Along the way, Kostynuik’s raw talent was recognized by Susan and Brock Haywood.

“She and Brock were the first people to tell me I was on a higher level and that I was doing well and I should look at going to regional level and national level,” Kostynuik says. “Manitoba powerlifting was much smaller when I started.

“It’s still not that big but it was so much smaller, so it was hard to know if you were any good. You might be the only person in your age and weight class.”

Now it’s fair to call Kostynuik a phenom in the sport.

Competing in the 84-plus kilogram category, she competed in the last four national championships, winning her division three times and finishing second in 2018, while also making three appearances at the worlds, where she had a silver medal-winning performance in 2016 before capturing bronze in 2017 and again in ’18.

Kostynuik’s strength is awe-inspiring. Her personal bests of 252.5 kilos (557 lbs.) in the squat, 125 kilos (276 lbs.) in the bench press and dead-lift of 227.5 kilos (502 lbs.) have put her within striking distance of world champion Bonika Brown, arguably the globe’s strongest woman.

Winnipegger Ryan Kolesar, meanwhile, is another emerging force on the powerlifting scene.

Trained as a bodybuilder from the age of 18, Kolesar shifted to powerlifting in 2014 and found his groove almost immediately.

Splitting his workouts between a neighbourhood gym and the basement of his North Kildonan home, the 28 year old competes in the 66 kilogram division and has been making a name for himself at the national level, finishing fourth in the country in 2015 and 2016 and earning bronze medals in 2018 and 2019.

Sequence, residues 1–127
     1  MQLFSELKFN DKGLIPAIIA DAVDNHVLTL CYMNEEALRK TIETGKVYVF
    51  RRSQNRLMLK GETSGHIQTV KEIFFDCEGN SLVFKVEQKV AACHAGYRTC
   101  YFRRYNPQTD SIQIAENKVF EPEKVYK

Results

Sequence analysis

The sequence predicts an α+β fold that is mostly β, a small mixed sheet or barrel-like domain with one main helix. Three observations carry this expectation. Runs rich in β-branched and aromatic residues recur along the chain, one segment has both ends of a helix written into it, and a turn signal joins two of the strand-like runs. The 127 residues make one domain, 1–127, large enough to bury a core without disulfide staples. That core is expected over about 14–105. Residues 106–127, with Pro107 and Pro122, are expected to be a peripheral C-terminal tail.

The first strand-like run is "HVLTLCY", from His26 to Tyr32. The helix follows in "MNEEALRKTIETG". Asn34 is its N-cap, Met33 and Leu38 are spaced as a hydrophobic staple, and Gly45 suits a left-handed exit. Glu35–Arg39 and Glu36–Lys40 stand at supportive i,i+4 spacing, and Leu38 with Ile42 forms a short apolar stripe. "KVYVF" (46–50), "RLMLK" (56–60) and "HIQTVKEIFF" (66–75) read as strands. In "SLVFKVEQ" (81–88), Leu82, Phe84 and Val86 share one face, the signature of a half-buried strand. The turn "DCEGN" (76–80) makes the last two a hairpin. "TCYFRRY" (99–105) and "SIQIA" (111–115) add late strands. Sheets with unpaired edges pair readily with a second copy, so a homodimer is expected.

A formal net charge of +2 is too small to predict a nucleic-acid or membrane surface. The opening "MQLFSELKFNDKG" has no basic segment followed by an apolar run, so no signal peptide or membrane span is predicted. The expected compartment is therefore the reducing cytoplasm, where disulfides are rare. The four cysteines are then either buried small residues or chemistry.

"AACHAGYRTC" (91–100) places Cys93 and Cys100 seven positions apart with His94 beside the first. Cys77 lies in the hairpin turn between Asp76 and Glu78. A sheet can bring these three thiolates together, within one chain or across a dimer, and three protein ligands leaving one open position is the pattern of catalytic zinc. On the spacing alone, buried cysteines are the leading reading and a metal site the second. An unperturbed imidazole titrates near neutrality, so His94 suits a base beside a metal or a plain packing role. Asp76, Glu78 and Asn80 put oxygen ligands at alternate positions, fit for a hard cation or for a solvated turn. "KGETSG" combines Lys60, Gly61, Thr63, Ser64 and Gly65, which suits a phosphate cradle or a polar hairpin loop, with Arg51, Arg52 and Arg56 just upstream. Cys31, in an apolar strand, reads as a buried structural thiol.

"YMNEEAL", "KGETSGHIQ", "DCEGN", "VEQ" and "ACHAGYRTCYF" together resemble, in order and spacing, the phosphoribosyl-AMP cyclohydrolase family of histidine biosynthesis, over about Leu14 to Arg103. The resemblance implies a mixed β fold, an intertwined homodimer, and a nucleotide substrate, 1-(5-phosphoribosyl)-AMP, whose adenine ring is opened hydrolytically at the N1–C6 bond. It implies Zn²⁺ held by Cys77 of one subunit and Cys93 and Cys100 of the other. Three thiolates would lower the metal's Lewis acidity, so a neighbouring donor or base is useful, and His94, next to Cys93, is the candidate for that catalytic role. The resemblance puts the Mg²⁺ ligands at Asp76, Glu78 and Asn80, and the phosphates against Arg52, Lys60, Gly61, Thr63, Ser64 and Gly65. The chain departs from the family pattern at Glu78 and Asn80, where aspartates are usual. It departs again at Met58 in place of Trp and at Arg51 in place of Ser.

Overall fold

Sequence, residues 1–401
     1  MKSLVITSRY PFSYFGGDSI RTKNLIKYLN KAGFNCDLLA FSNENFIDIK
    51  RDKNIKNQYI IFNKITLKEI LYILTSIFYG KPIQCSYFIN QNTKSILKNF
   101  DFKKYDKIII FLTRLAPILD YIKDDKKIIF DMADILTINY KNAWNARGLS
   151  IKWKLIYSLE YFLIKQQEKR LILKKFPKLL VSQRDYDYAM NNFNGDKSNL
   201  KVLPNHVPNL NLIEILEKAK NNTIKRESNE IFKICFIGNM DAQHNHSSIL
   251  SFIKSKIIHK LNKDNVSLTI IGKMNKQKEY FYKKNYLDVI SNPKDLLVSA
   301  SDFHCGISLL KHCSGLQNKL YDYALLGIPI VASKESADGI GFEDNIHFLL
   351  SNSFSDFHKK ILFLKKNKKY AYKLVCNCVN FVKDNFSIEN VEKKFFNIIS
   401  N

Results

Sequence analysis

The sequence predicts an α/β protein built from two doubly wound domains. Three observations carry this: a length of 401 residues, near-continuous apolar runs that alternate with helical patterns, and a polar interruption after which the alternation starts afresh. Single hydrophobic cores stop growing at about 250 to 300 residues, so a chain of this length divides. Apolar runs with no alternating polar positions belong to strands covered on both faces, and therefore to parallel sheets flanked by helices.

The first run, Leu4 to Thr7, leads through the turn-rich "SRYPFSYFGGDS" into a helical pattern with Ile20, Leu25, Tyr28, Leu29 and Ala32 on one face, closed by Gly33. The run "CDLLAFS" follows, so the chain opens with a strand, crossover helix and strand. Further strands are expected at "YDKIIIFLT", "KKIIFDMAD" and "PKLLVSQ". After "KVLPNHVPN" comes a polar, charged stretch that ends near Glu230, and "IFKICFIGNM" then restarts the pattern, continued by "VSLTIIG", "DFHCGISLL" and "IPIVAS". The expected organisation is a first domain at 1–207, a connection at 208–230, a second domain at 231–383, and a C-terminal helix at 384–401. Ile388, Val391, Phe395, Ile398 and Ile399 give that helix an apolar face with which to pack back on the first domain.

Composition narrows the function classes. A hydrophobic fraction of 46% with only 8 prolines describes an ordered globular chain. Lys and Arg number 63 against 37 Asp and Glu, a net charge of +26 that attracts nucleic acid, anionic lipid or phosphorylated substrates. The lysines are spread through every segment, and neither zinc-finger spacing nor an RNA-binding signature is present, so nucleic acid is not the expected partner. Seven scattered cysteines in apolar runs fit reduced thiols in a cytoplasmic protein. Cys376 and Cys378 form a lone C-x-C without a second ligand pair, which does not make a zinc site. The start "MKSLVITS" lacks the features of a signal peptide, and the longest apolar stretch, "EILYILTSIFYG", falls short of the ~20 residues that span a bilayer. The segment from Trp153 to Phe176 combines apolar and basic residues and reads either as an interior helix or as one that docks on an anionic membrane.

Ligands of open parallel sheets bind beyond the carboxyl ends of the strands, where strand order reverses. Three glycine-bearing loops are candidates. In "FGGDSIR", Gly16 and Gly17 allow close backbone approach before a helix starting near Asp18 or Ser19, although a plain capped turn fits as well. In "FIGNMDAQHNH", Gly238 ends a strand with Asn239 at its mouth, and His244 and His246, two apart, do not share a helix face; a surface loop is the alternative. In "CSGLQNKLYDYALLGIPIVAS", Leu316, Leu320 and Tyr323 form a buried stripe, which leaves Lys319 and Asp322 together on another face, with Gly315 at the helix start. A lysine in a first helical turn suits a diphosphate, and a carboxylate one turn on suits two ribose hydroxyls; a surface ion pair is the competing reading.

A nagging back injury sidelined him from competition in 2018.

The 5-7, 145-pound Kolesar has little difficulty losing weight to prep for events.

“Normally, people would have to cut for it but I only have to cut one or two pounds, which is, basically, not eating supper the night before. It’s not very difficult for me to get there. So realistically, I should probably gain five or 10 pounds to fill into the 66 weight class. Then you can actually cut properly to get down.”

He’s dedicated to his five or six weekly training sessions but finds it unnecessary to agonize over his diet.

“I just eat anything I can,” says Kolesar. “For me, it’s not super-strict. I guess if there are people who are borderline, who can’t quite make their weight, then they would have a proper diet. I don’t know what that would be. I just eat.”

For someone with such a compact frame, Kolesar’s strength is formidable. His personal bests include a squad lift of 190 kilos (419 lbs.,), a bench press of 122 kilos (270 lbs.) and a dead-lift of 238 kilos (525 lbs.).

“I don’t know what makes it so much fun,” he says. “It’s more about how much you can push your body.”